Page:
US authorities sued online retail giant eBay Friday, claiming it was part of a conspiracy with software maker Intuit to refrain from hiring each other's employees to keep salaries under control.
The civil antitrust lawsuit said eBay violated antitrust laws in an agreement not to recruit or hire Intuit employees, the Justice Department said.
The suit claims then-eBay chief executive Meg Whitman and Intuit founder Scott Cook agreed to the plan, which "deprived these employees of better job opportunities."
eBay denied any violations and pledged to contest the lawsuit.
Officials said it was not necessary to name Intuit in the complaint because the company had previously been named in a September 2010 lawsuit and settlement, which bars Intuit from entering into these types of agreements.
In the earlier case, the Justice Department's Antitrust Division filed suit against six big tech firms—Adobe Systems, Apple, Google, Intel, Intuit and Pixar—over a series of bilateral agreements not to solicit each other's employees.
All six companies entered into a settlement that prohibited them from these practices.
The eBay case grew out of the same investigation.
Officials said the eBay-Intuit agreement "was enforced at the highest levels of each company," and barred either firm from soliciting each other's employees, and for over a year barred eBay from hiring any Intuit employees at all.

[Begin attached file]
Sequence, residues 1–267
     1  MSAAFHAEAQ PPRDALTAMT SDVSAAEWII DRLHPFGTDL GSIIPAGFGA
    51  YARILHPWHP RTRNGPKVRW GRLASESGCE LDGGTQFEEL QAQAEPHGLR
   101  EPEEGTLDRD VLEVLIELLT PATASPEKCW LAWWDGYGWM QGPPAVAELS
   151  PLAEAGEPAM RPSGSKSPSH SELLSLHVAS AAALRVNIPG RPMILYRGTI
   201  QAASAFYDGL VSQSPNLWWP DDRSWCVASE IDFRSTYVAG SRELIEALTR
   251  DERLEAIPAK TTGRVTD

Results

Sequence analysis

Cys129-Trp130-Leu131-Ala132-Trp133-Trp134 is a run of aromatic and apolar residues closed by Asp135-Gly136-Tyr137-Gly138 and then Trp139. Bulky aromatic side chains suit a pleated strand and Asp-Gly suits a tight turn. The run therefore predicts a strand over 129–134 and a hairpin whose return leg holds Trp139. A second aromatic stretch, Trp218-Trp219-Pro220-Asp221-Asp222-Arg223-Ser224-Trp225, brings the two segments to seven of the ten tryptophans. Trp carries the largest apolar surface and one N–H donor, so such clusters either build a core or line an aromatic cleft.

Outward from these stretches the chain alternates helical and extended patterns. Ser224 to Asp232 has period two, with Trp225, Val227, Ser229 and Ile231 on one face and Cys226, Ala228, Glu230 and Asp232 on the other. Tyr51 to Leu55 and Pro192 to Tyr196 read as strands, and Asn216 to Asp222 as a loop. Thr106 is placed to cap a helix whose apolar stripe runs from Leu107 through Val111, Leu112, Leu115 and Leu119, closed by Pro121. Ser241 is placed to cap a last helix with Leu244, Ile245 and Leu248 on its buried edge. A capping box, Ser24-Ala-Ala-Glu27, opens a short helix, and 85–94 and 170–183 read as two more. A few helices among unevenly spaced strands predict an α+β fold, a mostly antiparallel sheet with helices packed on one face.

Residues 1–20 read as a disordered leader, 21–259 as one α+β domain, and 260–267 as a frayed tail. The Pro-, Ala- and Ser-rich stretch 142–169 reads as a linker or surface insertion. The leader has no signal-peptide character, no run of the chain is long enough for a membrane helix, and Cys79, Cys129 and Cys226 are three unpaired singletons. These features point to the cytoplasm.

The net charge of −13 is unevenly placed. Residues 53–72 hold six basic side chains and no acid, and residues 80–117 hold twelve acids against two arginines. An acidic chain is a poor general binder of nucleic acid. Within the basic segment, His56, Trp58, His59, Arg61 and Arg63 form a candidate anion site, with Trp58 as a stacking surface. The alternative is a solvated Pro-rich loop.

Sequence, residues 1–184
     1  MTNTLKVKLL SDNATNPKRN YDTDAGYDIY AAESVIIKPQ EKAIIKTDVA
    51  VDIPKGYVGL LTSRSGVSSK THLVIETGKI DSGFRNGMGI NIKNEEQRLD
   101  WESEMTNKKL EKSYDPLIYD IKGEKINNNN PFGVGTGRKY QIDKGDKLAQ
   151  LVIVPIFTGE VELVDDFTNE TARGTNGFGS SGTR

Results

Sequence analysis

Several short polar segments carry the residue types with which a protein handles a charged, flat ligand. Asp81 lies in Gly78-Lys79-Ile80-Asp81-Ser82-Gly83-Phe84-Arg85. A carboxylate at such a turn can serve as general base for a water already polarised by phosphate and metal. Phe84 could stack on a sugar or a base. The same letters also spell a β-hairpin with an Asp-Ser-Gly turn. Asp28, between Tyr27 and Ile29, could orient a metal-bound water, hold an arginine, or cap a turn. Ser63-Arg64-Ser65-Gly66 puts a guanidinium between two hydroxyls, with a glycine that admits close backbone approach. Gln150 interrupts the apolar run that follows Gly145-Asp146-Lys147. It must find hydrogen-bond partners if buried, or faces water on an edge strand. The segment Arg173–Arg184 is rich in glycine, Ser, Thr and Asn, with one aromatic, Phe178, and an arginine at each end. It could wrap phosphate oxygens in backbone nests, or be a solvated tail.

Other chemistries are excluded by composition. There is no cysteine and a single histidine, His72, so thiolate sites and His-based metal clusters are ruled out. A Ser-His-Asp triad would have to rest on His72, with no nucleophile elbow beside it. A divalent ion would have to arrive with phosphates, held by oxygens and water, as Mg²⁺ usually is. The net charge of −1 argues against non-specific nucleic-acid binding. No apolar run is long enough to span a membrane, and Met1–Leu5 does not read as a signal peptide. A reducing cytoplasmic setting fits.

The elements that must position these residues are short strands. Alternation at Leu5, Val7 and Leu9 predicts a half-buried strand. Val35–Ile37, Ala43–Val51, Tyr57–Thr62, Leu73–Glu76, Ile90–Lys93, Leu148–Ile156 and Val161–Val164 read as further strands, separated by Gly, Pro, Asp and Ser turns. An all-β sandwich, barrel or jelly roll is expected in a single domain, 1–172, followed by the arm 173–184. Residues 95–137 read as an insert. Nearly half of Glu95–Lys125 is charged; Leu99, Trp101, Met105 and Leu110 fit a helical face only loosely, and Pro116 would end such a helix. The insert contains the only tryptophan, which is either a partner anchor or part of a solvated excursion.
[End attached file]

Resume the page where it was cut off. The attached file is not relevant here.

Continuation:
The suit alleges that Whitman, then eBay's CEO, and Cook, Intuit's founder and executive committee chair, were "intimately involved in forming, monitoring and enforcing the anticompetitive agreement," a Justice Department statement said.
California Attorney General Kamala Harris filed a similar lawsuit in the state, saying the "handshake" hiring agreement harmed employees and competition.
"If California is going to continue to be the high-tech capital of the world, we can't allow anticompetitive conduct that prevents talent from going where it's put to its highest use," she said in a statement.
Lara Wyss, a spokeswoman for eBay, said the lawsuits "are using the wrong standard."
"We compete openly for talent in a broad, diverse global market across a range of industries and professional disciplines, and eBay's hiring practices conform to the standards that the Department of Justice has approved in resolving cases against other companies," Wyss said in a statement.
"The DOJ and state Attorney General are taking an overly aggressive interpretation in their enforcement of antitrust law in this area. eBay will vigorously defend itself."
A class-action lawsuit on behalf of affected employees is proceeding in California on the matter against Apple, Google, Pixar and others.
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